Perry Rogers: In every project it's about people and resources. And money is just one of those resources. So if they were to take the approach "We'll just give you money and you do want you want with it", the problem with that is that it doesn't address the resource of people. Just having Nike's money, in this case you mention it would be Andre's money if they said "we'll give you the money and you do what you want with it." But just getting money, that's not it. We're looking for partners who will commit their time and personnel to accomplishing this for kids.
Tennis Week: I would think that broadens your reach and what you can achieve?
Perry Rogers: Exactly because you now have the resources available. You can call up and say "We'd like to sell a t-shirt to raise awareness for the foundation". Or "Do you have any advertising buys going on and do you think you could work in a 30-second PSA for our Foundation?"
Tennis Week: So adidas' relationship with other partners can lead to relationships for your Foundation?
Perry Rogers: Exactly, exactly. It's viral.
Tennis Week: You represent three of the most popular and recognizable athletes in the world in Andre, Steffi and Shaq and they've all had long and distinguished careers. Where do you go now in terms of planning their careers beyond sports and are you already doing deals now looking three and four years down the road?
Perry Rogers: We've been really fortunate in that we've been able to get involved with business that have worked out well for us. We bought the Golden Nugget, Andre and I, we had partners in it, but we were one of the owners. That investment worked out really well for us. We made a little over 200 percent in just over a year. We own a big chunk of a bank, Nevada First Bank, which we started in Las Vegas and is a bank throughout Nevada now. We were one of the founding partners of that bank. We've very fortunate we have an incredible group of owners and an amazing management team and we've been a very successful bank. We own restaurants and night clubs and we have now gotten into real estate. We own fitness clubs in Las Vegas and we're doing those for Shaquille in Miami now so all those things combined we feel really well positioned and well prepared for the opportunities that are ahead of us.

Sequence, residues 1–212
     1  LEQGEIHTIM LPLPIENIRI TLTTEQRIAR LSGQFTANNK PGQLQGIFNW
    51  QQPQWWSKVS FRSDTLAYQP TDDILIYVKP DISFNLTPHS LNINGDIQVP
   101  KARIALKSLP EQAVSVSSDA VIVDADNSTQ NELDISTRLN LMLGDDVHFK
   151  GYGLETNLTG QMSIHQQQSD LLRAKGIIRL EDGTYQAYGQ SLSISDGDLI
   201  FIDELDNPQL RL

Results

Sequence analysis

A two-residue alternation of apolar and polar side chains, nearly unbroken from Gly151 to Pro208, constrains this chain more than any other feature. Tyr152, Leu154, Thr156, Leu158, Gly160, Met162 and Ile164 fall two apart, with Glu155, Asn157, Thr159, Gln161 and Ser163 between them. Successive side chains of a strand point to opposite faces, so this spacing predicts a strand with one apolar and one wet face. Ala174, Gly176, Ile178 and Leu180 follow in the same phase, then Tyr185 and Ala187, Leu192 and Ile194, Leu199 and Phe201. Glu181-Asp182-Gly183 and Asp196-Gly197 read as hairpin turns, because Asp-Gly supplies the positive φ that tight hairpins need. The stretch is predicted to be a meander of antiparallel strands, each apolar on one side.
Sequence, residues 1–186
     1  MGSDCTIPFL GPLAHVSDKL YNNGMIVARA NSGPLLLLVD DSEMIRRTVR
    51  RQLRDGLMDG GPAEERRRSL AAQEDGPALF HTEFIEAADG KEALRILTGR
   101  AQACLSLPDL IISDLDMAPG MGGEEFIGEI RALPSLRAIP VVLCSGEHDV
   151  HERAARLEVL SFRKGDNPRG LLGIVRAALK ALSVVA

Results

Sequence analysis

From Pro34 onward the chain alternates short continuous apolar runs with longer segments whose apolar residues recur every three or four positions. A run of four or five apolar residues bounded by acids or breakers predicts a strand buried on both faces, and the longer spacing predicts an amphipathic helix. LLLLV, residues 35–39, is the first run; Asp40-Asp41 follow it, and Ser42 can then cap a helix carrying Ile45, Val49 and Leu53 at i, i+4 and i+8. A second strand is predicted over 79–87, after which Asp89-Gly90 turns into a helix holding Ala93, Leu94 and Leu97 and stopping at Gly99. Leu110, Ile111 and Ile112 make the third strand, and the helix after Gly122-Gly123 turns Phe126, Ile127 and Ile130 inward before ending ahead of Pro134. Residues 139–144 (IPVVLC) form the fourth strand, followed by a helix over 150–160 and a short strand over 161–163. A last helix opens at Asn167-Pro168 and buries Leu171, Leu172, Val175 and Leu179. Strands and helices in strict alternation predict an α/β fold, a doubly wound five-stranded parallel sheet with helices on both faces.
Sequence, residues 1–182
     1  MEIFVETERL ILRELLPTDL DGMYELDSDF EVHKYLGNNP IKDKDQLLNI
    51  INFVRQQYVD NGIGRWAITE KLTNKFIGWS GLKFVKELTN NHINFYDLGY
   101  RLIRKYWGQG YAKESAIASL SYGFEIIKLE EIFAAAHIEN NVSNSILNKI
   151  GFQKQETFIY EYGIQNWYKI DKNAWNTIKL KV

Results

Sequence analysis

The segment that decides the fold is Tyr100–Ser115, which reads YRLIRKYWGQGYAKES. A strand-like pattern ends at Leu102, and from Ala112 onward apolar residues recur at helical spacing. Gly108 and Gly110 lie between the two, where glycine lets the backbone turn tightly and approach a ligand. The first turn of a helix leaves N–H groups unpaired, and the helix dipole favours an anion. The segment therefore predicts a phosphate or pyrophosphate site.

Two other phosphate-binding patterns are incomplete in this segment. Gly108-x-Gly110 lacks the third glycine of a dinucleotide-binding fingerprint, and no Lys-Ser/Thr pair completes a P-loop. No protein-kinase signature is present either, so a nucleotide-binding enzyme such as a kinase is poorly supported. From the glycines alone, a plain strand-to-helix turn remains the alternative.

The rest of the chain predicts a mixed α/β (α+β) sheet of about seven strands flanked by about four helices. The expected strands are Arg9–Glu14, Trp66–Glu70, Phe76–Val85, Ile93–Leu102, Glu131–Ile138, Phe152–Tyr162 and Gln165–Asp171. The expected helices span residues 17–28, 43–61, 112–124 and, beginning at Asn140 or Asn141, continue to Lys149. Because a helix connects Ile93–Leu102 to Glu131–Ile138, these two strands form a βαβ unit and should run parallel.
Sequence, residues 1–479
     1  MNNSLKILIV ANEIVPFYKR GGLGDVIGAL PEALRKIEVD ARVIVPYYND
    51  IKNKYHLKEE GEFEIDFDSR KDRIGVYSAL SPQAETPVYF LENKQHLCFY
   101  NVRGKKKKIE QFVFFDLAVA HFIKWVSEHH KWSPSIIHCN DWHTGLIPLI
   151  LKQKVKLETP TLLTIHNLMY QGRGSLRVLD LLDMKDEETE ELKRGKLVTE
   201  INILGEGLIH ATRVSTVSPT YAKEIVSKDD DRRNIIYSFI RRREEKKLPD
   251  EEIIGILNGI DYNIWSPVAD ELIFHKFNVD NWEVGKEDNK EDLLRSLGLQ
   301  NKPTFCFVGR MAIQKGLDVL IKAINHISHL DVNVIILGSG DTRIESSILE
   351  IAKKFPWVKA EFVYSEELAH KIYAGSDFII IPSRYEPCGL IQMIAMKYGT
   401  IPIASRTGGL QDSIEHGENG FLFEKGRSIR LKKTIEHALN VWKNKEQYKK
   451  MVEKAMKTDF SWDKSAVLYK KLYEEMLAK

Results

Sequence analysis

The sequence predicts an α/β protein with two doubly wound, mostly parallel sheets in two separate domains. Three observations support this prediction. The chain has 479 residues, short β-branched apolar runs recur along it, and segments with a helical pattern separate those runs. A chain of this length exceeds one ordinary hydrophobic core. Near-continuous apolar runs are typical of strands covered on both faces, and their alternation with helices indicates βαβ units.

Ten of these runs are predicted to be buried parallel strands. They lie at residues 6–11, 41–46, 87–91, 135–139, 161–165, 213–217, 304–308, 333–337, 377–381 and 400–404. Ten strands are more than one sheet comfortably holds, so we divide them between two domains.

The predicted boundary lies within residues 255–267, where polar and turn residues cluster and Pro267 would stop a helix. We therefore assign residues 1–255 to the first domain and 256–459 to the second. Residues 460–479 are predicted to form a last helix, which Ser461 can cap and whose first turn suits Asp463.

Tennis Week: Do you see yourself expanding to other clients? Are you looking for other clients?
Perry Rogers: No. I do think that we'll represent a male golfer in the very near future. I'm really, really excited about that opportunity, but I'm not looking to expand the business by creating more clients. What we've done is our business model is simply different. We don't believe you can represent more than one athlete in a sport. Now, I do divide women's and men's sports because they're different circumstances, different management, different sponsors, etc. We've been blessed we represent, I think, the two greatest tennis players of all time in Andre and Stef. We represent the most important basketball player in the league today and the most dominant basketball player in the league today in Shaquille. So what we really try to do is create a few unique and special relationships with just a few athletes. We work hard to avoid conflict of interests and then we try to make sure we develop their business in the way that they see fit.
Tennis Week: When you've done combined deals for Andre and Steffi together how does that work and in general are you pursuing more combined endorsement and marketing opportunities for them?
Perry Rogers: I think you'll see more of that because it's authentic and it's unique. This is a great couple; people like to see them together. They're fantastic people, they are great parents and they put their family first. There's a connection and a relatability that they have that is very unique and that's because they are real as people. They're very unaffected by their life and their accomplishments and that is truly amazing. So I think with all of those elements combined I think you'll see that trend continue of having them work together. The other thing it does is it allows for their business life to not take away from their family life. While it isn't as good as just spending the day on the beach together, it still is them together and that's important for both of them.
Tennis Week: Andre is so influential as an ambassador for tennis. What do you see his role in tennis becoming beyond playing? Could it be as an administrator, commentator, working with one of the governing bodies of the game? What do you think?
Perry Rogers: I'm really not sure. I've been focused so much on his playing career that I couldn't predict what will happen after that. But having said that, I believe that almost any opportunity in tennis will be available to him because he's earned it. He understands the business side of tennis. He works well with players, organizers and sponsors. He has proven himself over and over and over again to be someone that can deal with different elements involved with tennis.
Tennis Week: And he is an established voice in tennis who commands attention.
Perry Rogers: That's correct. He's very reasoned. He's very smart. He understands the nuances and intricacies that surround some complex issues.